experienced probate attorneyWhen a person dies, everything they owned may need to go through the probate process. If you’re searching for information and advice on how to contest a probate case, then you’ve come to the right place.
In today’s post, we’ll give you some helpful insight into the matter.
If the deceased left a last will and testament and you feel like you have solid reasons to contest it, then you are free to do so. Challenging a will is not uncommon. And several motivations may drive someone to do it.
First and foremost, you will need to understand the process of how to contest a probate case. You can research this information on your own. However, ultimately, you will most likely need the expert guidance of probate lawyers.
If you are listed as the beneficiary or executor of a deceased person’s estate or you’re anticipating that your own will may be challenged long after you’ve passed, you will need the backing of an experienced probate attorney.
Simply put, contesting or challenging a will means you are formally objecting to the contents of it and the will's validity as a whole.
Any interested party (or parties) has the right to contest a will. An interested party, in this case, means any person or persons who could gain or lose once the will has been conclusively proven as unenforceable.
Generally, interested parties contesting a will are the people who may have been left out of the will. These people include: children, spouses, grandchildren, siblings, business partners, other relatives, guardians of minors since the latter are not allowed to contest a will due to their age, or anyone else named as your beneficiary (close, personal friends, charitable organizations, etc.)
Before you can contest a probate case, you have to make sure you have grounds to do so. The laws may vary for every state, so review the requirements in your jurisdiction for contesting wills. Once you’ve done your research, confirm that your motivation for contesting the will falls under your state’s probate law.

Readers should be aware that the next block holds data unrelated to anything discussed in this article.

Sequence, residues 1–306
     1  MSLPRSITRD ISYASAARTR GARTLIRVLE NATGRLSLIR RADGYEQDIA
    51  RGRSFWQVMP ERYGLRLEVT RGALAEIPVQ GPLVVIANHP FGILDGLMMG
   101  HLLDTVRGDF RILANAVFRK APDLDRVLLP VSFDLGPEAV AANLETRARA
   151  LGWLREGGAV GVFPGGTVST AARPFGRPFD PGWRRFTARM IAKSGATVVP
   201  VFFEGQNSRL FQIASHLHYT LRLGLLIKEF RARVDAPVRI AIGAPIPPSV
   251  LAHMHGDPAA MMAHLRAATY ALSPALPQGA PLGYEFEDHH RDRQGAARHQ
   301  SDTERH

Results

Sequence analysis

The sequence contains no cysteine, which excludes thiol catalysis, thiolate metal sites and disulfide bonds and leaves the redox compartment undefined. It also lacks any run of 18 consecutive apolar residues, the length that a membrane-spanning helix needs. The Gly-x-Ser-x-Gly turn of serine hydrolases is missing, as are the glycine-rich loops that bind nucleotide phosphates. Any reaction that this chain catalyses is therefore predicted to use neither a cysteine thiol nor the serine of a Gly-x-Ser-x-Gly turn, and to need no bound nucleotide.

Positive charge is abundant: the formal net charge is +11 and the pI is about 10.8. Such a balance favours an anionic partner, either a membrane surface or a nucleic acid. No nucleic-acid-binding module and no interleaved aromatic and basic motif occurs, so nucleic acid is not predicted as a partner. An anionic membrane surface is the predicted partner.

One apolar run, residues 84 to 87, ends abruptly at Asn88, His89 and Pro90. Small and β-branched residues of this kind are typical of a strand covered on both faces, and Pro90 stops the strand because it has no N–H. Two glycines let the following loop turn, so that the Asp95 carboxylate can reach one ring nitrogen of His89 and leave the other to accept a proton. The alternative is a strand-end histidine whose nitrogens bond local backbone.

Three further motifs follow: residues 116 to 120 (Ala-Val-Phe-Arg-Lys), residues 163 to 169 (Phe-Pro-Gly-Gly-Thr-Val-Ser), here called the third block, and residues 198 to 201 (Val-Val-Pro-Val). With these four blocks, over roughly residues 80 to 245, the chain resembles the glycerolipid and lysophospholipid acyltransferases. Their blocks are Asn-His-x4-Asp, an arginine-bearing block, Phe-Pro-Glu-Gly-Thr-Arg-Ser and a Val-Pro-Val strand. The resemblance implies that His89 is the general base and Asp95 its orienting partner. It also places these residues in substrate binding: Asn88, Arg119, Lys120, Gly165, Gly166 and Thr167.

You will also need to know how long you’ve got until someone’s passing that you have to contest the validity of their will.
Another vital thing to note is to check for no-contest clauses in the will. These clauses can completely halt will contests altogether. Consult with a probate lawyer to know more about no-contest provisions.
The next step is to file your petition with your local probate court. This is your formal way of challenging the will in court. While you could do this on your own, you may want to employ the services of a probate and estate planning lawyer. This is especially helpful if other interested parties are contesting the will and/or if there’s a substantial amount of estate involved.
After submitting your petition, the probate court will assign a hearing date for your case. As you wait for the hearing date, work on collecting any and all evidence to back up your petition. The nature of the evidence you will need largely depends on your reasons for challenging the validity of the will.
For instance, you’re challenging your deceased parent’s will because you believe that your other sibling negatively influenced them to leave you out of it.
Obviously, you will need evidence to support your case. Either you will need to establish a timeline of financial abuse of your deceased parent’s funds or solid proof that the will was made under duress.
Strengthening your claim also goes past gathering documentation. You will also need to find reliable witnesses to support your case. Whether it’s a neighbor or a healthcare professional, make sure your witnesses have direct involvement in the case.
The validity of your evidence directly affects the legitimacy of your claim. Additionally, while you’re in the process of contesting a probate case, make sure to always appear on schedule during your hearing dates.
The steps on how to contest a probate case may be time-consuming and emotionally taxing. Before you take on this journey, ask yourself if it’s worth your time and resources. If it is, make sure you have a professional and experienced probate attorney to back you up.